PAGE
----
Govhack | celebrating Govhack CSIRO Geoscience Australia

AODN Ocean Data Portal

aus, portals, and datasets

The AODN Ocean Data Portal is the primary access point for search, discovery, access and download of data collected by the Australian marine community.

Primary datasets are contributed by the Integrated Marine Observing System (IMOS) an Australian Government Research Infrastructure project, and the six Commonwealth Agencies with responsibilities in the Australian marine jurisdiction (Australian Antarctic Division, Australian Institute for Marine Science, Bureau of Meteorology, Commonwealth Science and Industrial Research Organisation, Geoscience Australia and the Royal Australian Navy).

AODN portal homepage

This portal has access to the complete IMOS metadata catalog and all available ocean data (you can also access the IMOS portal here. Some of the interesting datasets include:

  • Aerial photographs, nest cameras, protected areas and satellite imagery from the Australian Antartic division
  • Coral cores and oceanographic surveys from the Australian Institude of Marine Science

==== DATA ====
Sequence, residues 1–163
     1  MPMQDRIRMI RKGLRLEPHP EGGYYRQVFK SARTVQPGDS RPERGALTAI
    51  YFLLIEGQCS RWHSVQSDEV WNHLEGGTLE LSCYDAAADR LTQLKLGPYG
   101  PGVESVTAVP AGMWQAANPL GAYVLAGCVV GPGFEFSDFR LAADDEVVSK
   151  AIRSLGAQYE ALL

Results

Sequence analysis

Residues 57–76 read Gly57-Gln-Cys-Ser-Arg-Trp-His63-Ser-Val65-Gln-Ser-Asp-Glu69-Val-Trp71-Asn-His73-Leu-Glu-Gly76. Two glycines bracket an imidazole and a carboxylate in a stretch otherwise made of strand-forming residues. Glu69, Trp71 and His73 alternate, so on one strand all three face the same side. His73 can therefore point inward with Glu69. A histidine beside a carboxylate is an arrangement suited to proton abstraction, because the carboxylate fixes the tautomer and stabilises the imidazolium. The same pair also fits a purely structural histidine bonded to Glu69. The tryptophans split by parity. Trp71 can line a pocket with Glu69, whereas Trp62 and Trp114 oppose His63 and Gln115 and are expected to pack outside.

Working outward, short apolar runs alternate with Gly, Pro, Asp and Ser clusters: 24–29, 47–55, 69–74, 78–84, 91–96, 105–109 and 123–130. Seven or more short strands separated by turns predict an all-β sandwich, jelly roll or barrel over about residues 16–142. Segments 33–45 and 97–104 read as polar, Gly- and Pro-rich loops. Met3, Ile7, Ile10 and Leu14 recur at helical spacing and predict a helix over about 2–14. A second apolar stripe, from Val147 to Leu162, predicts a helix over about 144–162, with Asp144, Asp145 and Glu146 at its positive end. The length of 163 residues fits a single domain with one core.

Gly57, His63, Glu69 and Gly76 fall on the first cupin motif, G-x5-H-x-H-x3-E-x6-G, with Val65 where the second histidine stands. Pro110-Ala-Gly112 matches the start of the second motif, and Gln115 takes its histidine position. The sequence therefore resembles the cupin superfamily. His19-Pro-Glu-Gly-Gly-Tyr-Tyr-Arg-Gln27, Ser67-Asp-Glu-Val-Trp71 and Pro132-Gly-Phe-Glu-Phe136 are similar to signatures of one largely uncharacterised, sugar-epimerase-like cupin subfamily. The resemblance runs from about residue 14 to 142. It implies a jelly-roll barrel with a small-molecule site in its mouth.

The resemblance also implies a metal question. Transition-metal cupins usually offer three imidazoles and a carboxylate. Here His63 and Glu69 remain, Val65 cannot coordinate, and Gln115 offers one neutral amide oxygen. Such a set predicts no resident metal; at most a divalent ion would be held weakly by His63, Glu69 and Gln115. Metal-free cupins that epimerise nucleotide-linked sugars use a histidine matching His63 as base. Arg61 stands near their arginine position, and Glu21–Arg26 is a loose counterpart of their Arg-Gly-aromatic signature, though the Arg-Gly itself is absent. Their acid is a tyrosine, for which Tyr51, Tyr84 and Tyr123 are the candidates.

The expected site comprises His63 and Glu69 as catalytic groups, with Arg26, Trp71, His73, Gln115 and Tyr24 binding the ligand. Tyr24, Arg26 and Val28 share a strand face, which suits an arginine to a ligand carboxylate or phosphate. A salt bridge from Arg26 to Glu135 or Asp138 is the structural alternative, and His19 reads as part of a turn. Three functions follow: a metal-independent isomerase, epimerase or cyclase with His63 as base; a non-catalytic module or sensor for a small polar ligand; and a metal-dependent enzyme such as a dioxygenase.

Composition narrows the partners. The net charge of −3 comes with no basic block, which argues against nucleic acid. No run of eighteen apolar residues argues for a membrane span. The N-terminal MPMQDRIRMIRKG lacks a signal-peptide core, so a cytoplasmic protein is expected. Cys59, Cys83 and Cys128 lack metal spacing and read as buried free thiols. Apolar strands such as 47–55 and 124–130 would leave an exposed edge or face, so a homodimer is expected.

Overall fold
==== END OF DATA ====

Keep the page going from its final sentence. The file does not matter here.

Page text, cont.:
• Sea level and wave gauge data from the Bureau of Meterology
  • Mapping and climate modelling from the CSIRO
  • Temperature, CDN and bioluminesce data from the Royal Australian Navy

The infrastructure of the AODN is based on the IMOS Ocean Portal, which follows international standards and agreements for data/metadata formatting, discovery and sharing. We utilise the Nectar National Servers program to deliver the IMOS data and the Tasmanian Partnership for Advanced computing (TPAC) at UTAS, through the Research Data Services program, to provide the long term archive.

IMOS and the repositories of the Commonwealth agencies (see Who are we?) form the core of the AODN. Increasingly, though, universities and State government offices are offering up data resources to the AODN, and delivery of data to the AODN is being written in to significant research programs e.g. National Envronmental Science Program Marine Biodiversity Hub and the Great Australian Bight research program.

You can follow the AODN on Facebook.